Fishing with Kids

A day at the lake with the kids is a wonderful, memory making opportunity to share your love of fishing with the next generation. The length and details of the trip will depend on the ages of the kids involved, but most young children can handle an hour or two of fishing. Kids should also be involved in various aspects of the preparation and planning of your trip. While it is always fun to bring friends along, a good rule of thumb when fishing with young children under the age of 7 is to have a “one adult per child” ratio.

Safety: Small children should wear age appropriate flotation devices and, no matter how much experience they have, basic boating or dock safety should be reviewed before every trip. Make sure to pack items such as water, nutritious snacks, sunscreen, a towel, fishing gear and fishing license, insect repellent, a compass and a first aid kit. It is advisable to let someone know where you are headed, and the approximate time you will return so that rescue personnel can find you in the event of any unforeseen emergencies. You may want to consider packing a child sized porta-potty if restroom facilities will not be available.

Clothing: Children should wear closed-toe shoes and pants, and bring a hat, sweatshirt, rain poncho and, if needed, a swimsuit. 

Fishing Gear: Very young children with short attention spans will do well with cheap, children’s fishing poles. But if you plan on repeated trips, and for older children, it pays to invest in a good, five foot ultra-light rod and reel. Ask your local sporting goods store to recommend a spool of fishing line in the two to four pound test for easier casting and to avoid tangles. For fly fishing, you’ll need a fly rod, line and some artificial flies.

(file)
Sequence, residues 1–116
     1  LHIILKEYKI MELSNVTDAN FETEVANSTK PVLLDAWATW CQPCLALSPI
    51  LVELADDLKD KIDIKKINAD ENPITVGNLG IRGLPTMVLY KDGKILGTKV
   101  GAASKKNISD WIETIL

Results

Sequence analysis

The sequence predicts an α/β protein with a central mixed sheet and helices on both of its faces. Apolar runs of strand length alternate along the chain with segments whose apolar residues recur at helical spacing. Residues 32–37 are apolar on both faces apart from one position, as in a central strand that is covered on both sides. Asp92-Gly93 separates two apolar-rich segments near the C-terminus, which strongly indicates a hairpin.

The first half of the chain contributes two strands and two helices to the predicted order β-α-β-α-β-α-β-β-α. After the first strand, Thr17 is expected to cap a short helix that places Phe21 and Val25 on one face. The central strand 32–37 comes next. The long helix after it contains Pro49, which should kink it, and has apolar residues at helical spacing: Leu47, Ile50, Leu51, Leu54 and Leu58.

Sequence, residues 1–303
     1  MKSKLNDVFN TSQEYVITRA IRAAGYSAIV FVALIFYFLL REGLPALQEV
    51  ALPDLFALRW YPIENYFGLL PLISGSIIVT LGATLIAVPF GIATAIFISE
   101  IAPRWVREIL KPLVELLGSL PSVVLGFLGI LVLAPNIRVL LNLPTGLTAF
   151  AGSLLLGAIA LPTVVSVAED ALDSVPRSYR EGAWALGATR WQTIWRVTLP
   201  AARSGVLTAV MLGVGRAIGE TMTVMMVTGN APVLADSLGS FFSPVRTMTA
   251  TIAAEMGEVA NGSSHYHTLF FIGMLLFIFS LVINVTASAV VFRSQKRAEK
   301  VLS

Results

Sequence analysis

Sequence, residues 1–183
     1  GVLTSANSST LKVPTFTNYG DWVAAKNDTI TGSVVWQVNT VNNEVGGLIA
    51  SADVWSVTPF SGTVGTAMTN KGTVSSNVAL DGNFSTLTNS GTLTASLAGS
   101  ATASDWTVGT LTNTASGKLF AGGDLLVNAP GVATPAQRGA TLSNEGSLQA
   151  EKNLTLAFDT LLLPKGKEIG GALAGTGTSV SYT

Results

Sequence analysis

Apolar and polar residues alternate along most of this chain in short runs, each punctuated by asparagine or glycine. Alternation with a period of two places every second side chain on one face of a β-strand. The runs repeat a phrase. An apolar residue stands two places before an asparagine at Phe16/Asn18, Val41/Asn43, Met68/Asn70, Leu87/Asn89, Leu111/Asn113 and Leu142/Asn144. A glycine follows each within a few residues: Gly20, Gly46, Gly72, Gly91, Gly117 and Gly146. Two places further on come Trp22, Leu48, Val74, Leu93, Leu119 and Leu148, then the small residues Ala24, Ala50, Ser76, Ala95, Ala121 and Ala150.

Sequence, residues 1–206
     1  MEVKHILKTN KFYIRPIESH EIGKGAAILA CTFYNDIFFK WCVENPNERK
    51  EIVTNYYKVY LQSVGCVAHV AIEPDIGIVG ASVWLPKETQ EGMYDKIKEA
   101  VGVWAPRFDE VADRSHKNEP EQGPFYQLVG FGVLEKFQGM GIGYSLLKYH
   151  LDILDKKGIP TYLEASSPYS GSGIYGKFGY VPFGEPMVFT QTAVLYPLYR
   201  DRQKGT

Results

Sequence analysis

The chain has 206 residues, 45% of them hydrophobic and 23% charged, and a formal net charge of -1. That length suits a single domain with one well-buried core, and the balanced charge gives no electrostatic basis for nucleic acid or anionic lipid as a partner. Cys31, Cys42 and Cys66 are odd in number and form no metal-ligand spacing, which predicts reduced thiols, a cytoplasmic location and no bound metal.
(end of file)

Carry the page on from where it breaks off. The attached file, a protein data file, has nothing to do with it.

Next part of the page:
Casting: Whether fishing from a boat or the dock, instruction in basic casting techniques is important so kids become familiar with the danger of injuries from hooks. Since a cast is often as individual as a baseball or golf swing, it is a good idea to practice away from groups of people while they are learning to accurately cast. A light sinker instead of a hook is perfect for practice. Spin cast tackle might be a good choice for new fisher-kids and younger children and helps avoid frustration (yours and theirs) over tangles. For fly fish, many young children under the age of ten are able to learn how to fish but it is best to avoid moving water until they get the hang of the cast.

Bait:  Catching fish with live bait, such as worms, work best if the bait is no bigger than the hook size. 

Pond, Lake or Stream: Finding a fishing spot close to home may be a challenge, depending on where you live. An ideal spot for children is somewhere that isn’t too crowded and hopefully, in water that is full of fish.

Have Fun: The most important thing about fishing with kids is that it is stress free and fun. It is a great time to ask questions, learn more about your kids and share special stories with them.

Finally, check with your state Fish and Game Agency. They can answer questions about the fishing season and limits on the size and/or number of fish you can catch.

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